Samboli! Beware! – Lakshman

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Translated from Kannada by SUSHEELA PUNITHA

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Samboli! means echcharike in Kannada ‘Be careful!’

Samboli! This expression is not from yesterday or the day before; it is centuries old.

Manu, the ancient lawgiver, decreed that people belonging to any of the untouchable castes of this country had to hold a pole with jingling bells tied to one end and pound it on the ground at every step to make a sound jal-jal. They had to call out, ‘Samboli! Samboli!’ This is the Samboli pole warning others of their presence. They were to walk only on conservancy lanes and not on the main streets and only around noon when their shadow was tucked under their feet and would not pollute people of the upper castes by falling on them.

Samboli, by extension, could imply ‘Beware!’ in the present context of Dalit uprisings. It could also be a clarion call for Dalit’s to fight for their humanity.

About the Author

Lakshman (1957–2017) was from Kathriguppe, a village in South Bengaluru Taluk. His parents Muthappa and Venkatamma were daily-wage labourers. He studied in the Government Primary School in Kathruguppe and the Government Boys Middle School in Basavanagudi and completed his studies at the Government Fort High School, Chamarajapet, residing at the Shri Narasimharaja Hostel, Chamarajapet. He was a second division clerk at HKED Veerendra Patil Pre-University College since 1980.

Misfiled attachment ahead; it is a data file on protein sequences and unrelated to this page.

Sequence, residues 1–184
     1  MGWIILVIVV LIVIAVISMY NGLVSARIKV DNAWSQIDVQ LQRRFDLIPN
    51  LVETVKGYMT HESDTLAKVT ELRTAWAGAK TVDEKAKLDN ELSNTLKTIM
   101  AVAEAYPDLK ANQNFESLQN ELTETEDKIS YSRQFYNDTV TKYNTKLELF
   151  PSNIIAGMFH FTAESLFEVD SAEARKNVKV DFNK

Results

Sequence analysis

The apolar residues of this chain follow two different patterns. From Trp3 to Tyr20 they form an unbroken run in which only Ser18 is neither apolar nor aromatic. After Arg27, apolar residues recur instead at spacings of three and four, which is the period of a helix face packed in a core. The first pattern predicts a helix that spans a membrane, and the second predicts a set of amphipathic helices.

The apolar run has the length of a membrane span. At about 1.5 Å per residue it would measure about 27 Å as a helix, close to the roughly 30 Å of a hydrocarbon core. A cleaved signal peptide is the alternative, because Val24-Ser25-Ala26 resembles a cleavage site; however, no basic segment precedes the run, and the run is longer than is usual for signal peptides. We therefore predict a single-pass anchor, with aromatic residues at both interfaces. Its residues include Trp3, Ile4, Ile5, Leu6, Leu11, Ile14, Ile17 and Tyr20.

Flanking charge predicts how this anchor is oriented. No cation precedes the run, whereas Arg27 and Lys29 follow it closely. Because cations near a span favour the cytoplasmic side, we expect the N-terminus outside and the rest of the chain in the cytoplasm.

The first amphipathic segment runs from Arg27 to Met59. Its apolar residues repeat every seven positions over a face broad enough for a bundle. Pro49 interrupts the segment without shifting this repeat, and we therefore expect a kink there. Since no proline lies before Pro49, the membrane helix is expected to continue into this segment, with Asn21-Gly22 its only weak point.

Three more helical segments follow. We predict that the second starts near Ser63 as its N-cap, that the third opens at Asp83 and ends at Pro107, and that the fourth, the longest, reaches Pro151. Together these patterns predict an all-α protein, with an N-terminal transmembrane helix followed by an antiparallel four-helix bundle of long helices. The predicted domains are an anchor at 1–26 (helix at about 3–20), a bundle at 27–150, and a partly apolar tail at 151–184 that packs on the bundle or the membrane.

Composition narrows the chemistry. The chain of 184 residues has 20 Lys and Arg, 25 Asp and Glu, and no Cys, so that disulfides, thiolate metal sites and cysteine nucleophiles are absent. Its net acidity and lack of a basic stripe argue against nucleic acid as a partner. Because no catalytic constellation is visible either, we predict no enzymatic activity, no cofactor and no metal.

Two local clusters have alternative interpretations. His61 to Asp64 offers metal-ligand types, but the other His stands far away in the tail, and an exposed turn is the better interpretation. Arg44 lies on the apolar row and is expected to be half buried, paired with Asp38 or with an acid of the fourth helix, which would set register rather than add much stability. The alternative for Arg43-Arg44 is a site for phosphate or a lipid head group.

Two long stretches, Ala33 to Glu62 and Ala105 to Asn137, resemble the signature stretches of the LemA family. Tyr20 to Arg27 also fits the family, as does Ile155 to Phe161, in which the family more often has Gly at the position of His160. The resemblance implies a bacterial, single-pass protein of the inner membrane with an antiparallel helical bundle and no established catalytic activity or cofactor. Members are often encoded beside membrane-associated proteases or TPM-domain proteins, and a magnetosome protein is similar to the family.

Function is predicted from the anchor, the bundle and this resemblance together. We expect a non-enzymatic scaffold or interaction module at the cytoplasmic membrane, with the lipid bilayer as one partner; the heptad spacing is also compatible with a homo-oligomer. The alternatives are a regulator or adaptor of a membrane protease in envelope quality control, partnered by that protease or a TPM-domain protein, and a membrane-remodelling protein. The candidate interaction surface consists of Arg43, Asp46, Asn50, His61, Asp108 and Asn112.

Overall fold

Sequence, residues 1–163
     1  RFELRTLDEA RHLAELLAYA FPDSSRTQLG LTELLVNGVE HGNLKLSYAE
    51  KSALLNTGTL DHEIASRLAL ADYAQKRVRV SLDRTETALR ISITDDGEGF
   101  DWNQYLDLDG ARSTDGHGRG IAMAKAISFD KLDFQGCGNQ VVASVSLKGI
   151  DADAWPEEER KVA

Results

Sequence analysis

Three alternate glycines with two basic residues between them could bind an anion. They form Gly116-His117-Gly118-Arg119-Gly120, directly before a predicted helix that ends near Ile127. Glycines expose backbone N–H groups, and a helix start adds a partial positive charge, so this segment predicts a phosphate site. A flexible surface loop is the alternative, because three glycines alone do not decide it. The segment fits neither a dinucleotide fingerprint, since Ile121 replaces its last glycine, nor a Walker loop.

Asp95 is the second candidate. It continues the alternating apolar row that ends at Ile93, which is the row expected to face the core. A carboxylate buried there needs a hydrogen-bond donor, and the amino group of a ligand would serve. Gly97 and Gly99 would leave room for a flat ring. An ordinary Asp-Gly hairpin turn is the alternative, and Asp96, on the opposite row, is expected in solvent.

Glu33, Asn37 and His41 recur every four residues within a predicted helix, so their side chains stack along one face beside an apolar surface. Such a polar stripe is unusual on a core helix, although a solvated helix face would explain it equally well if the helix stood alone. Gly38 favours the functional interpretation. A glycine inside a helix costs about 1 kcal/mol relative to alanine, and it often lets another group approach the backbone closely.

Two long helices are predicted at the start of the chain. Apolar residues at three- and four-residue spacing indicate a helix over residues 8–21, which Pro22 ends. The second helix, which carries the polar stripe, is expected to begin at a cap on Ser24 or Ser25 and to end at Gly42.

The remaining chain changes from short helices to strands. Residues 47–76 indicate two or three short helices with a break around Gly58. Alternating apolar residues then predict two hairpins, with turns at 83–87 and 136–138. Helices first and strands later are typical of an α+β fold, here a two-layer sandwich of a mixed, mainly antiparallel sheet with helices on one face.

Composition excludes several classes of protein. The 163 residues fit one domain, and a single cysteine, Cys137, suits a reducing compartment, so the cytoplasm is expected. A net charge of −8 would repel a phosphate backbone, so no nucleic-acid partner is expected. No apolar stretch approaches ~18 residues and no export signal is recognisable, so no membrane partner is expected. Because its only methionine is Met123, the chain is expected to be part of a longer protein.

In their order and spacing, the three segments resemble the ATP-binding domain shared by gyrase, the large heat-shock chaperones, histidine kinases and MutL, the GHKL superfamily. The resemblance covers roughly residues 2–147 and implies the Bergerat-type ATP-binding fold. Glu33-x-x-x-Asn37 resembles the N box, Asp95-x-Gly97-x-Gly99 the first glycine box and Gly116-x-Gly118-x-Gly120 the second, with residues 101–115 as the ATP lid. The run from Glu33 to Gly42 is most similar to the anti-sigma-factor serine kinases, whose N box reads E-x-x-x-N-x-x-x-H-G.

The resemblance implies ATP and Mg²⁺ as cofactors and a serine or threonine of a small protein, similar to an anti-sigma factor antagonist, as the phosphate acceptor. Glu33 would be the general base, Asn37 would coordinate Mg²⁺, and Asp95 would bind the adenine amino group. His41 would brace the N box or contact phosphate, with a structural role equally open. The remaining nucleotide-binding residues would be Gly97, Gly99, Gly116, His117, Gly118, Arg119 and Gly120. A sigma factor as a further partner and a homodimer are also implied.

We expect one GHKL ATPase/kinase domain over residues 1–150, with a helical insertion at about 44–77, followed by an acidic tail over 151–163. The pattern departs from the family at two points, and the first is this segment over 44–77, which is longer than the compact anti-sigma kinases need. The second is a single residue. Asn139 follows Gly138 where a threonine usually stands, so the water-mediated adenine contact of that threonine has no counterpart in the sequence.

As a social activist, he served as general secretary, Karnataka Dalit Sangarsha Samiti, founder member and national vice president of Karnataka Vimochana Ranga and founder president of Jaathi Vinaashaka Vedhike.
As a writer, he has many collections of poems, short stories and two novels to his credit. The novels Jadimale and Badhuku have been translated into Tamil. Some of the awards he has received are: Rashtrakavi Kuvempu Award (2003), Dr Ambedkar Fellowship National Award (2006) and Karnataka Keerthi Kalasa State Award (2007).
Susheela Punitha has translated from Kannada to English, excerpts on theatre in Karnataka for Regional Theatre Histories, Institute of Economic Growth, University of Delhi Enclave, Delhi and the following works of fiction for Oxford University Press: Hundreds of Streets to the Palace of Lights and Other Stories, a collection of short stories by S Diwakar (2015), Dweepa, a novella by Na. D’Souza (2013), Asprushyaru, a novel by Vaidehi, as Vasudeva’s Family (2012) and Bharathipura, a novel by U R Ananthamurthy (2010).
Bharathipura was shortlisted for the Jaipur Literary Prize, 2012 and the Hindu Literary Prize, 2012. Hundreds of Streets to the Palace of Lights was shortlisted for the Crossword Book Award, 2016.
Susheela Punitha received the Sahitya Akademi Translation Award for English, 2015, for her translation of U R Ananthamurthy’s novel Bharathipura.


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